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It’s Not Enough to Just Drive By: Minnesota Cases Reiterate Requirements to State Viable ADA Title III Access Claims

In two rulings arising in Minnesota in March of 2018, federal courts reminded litigants that business owners have various defenses that can effectively shut down so-called “drive by” disability access lawsuits prior to trial.

“Drive by” lawsuits are so named for a suspected practice of plaintiffs or lawyers allegedly driving by businesses to spot visible legal violations without any real intent to patronize those businesses. Finding a perceived violation of Title III of the Americans with Disabilities Act (ADA) or similar state law, the plaintiff files suit, claiming he or she was unable to patronize the business due to the alleged violation. These cases often settle quickly because the defendants wish to avoid the associated legal expenses that can easily surpass the plaintiffs’ settlement demands. When the parties do litigate these cases, however, business owners often have several defenses available under the ADA, as these two new cases illustrate.

First, in Dalton v. NPC International, Inc., No. 17-4012 (March 20, 2018)—a case in which Ogletree Deakins’ Thomas Henderson successfully represented the defendant—the U.S. District Court for the District of Minnesota granted the defendant’s motion for summary judgment, dismissing all claims on the grounds that some of the claims were moot and the others were not sufficiently pled in the complaint. Aaron Dalton, who uses a wheelchair, claimed he was prevented from patronizing the defendant’s Pizza Hut restaurant because the accessible parking spaces in the parking lot lacked proper access aisles, the restaurant entrances were not accessible and/or properly identified, and the service counter was too high.  

The defendant moved to dismiss, arguing first that it had remedied the parking lot, signage, and service counter violations, rendering those claims moot under the ADA. The court noted that to prove mootness, the defendant had to prove not only that it had remedied the violation but also that it was “’absolutely clear’ the offending conduct ‘could not reasonably be expected to recur.’” Dalton offered no meaningful evidence of potential recurrence, so the court ruled that the defendant had met its burden and dismissed those claims. The court dismissed the remaining claims as well, finding that Dalton had failed to present any viable evidence to show that the restaurant entrances were inaccessible.

The next day, the Eighth Circuit Court of Appeals affirmed the dismissal of another “drive by” case that had arisen in Minnesota. In Disability Support Alliance v. Heartwood Enterprises, LLC, No. 16-1759 (March 21, 2018), Eric Wong claimed that he was unable to enter Heartwood Enterprises’ office building because the entrance was not accessible via wheelchair. Heartwood Enterprises first argued that Wong did not have standing because he had not actually attempted to enter the building, he would not have been admitted anyway because he had no appointment, and he lacked any true intent to visit the building again. The court held that Wong had produced sufficient evidence to avoid dismissal on those grounds.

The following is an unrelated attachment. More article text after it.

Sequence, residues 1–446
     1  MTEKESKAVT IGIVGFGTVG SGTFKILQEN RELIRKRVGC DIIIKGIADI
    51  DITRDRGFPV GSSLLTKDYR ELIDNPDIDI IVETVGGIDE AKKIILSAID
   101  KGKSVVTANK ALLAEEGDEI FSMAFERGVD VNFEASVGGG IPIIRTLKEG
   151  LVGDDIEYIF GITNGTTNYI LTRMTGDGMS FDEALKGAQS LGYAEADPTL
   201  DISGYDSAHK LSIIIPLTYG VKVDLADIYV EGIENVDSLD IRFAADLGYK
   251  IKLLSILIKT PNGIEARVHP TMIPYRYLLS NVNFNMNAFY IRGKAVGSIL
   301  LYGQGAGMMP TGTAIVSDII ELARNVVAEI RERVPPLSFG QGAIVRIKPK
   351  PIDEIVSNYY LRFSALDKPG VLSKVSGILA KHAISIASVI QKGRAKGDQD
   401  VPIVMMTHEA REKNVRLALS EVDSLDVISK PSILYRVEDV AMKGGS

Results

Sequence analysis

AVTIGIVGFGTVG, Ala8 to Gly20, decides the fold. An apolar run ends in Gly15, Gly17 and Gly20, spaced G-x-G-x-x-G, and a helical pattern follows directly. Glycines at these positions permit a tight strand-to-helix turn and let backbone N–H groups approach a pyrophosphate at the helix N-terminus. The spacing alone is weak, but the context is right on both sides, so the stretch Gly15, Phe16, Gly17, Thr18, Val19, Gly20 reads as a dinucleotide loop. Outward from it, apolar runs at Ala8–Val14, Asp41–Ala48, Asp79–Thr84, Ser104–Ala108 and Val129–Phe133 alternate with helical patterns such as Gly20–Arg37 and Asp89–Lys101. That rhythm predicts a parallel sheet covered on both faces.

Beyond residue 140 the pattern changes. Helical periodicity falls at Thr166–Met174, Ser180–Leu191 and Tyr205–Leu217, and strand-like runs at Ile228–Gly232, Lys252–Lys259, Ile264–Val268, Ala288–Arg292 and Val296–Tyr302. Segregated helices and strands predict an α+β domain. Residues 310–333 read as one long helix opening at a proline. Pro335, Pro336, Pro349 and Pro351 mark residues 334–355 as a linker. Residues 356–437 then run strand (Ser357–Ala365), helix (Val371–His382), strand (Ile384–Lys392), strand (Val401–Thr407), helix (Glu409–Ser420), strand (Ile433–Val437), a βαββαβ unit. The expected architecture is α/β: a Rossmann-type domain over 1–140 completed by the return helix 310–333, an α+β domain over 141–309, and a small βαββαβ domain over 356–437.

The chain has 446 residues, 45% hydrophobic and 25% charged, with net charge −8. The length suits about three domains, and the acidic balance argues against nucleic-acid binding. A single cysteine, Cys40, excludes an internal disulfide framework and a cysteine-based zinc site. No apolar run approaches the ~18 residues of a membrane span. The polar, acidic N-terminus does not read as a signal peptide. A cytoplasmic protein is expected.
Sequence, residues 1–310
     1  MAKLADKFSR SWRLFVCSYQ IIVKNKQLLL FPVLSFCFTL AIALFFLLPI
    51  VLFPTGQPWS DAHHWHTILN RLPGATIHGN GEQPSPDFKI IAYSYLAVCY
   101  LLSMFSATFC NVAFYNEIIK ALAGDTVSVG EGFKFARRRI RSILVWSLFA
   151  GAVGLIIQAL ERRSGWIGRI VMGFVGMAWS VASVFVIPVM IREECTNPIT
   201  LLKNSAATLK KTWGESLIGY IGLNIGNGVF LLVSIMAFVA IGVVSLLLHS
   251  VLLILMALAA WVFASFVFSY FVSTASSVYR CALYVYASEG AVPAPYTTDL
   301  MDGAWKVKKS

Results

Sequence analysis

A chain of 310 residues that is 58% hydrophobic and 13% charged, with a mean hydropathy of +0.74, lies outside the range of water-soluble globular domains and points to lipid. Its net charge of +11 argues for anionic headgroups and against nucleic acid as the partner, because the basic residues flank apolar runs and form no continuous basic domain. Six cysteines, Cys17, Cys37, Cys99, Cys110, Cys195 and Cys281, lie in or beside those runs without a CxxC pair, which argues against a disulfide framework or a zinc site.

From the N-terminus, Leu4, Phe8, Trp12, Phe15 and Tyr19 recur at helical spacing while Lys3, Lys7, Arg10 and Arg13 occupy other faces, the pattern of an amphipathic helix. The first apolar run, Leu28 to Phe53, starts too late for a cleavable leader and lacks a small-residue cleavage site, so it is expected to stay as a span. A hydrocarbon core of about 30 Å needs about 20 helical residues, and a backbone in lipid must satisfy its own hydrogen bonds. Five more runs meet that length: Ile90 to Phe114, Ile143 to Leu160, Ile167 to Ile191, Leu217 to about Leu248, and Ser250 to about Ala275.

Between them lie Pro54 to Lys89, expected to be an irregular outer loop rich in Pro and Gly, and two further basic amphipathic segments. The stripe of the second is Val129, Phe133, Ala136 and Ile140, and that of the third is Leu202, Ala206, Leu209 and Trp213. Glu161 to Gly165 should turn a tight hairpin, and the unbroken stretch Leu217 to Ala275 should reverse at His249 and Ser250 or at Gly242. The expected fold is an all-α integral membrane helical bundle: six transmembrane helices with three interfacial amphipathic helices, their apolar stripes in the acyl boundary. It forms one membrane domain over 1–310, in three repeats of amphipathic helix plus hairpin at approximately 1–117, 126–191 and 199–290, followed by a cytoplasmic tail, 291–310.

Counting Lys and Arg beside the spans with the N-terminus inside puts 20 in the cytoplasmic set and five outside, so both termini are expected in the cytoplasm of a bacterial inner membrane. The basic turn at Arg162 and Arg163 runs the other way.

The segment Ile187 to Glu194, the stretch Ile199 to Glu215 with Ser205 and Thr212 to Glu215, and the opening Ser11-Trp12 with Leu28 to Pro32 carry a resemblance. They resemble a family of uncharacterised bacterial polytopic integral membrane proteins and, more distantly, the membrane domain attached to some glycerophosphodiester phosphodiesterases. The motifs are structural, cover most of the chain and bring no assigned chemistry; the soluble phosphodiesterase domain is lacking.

Heartwood Enterprises next argued that removing the alleged architectural barriers was not “readily achievable,” thereby relieving it from compliance requirements under the ADA. Specifically, Heartwood Enterprises submitted evidence that it would cost more than $300,000 to make the entire building accessible. The court found that this evidence was sufficient and unrefuted, and it dismissed the case.

These cases offer timely reminders, given the explosion of these drive by lawsuits across the country, that plaintiffs must do more than simply observe an apparent ADA access violation in order to bring a successful lawsuit. The plaintiff must also be able to show that the defendant has not fixed the problem and/or that the problem could be reasonably expected to recur, that the plaintiff tried to access the defendant’s business unsuccessfully and truly intended to access the business in the future, and that the removal of the barrier at issue was “readily achievable.” Absent those factors, courts are willing to dismiss disability access cases without forcing the defendant to incur the additional legal fees required to go to trial.

© 2020, Ogletree, Deakins, Nash, Smoak & Stewart, P.C., All Rights Reserved.National Law Review, Volume VIII, Number 88


About this Author

Andrew E. Tanick, Ogletree Deakins, severance negotiations lawyer, employment policies attorney

Andy Tanick has over 25 years of experience defending employment claims and helping employers develop effective policies and avoid litigation. He advises businesses of all sizes on issues such as non-compete agreements, severance negotiations, and employment policies and practices, and has successfully defended cases throughout the country in areas such as discrimination, retaliation and harassment. Andy’s litigation practice also includes his defense of disability access lawsuits under Title III of the ADA and the Minnesota Human Rights Act, ranging from defending...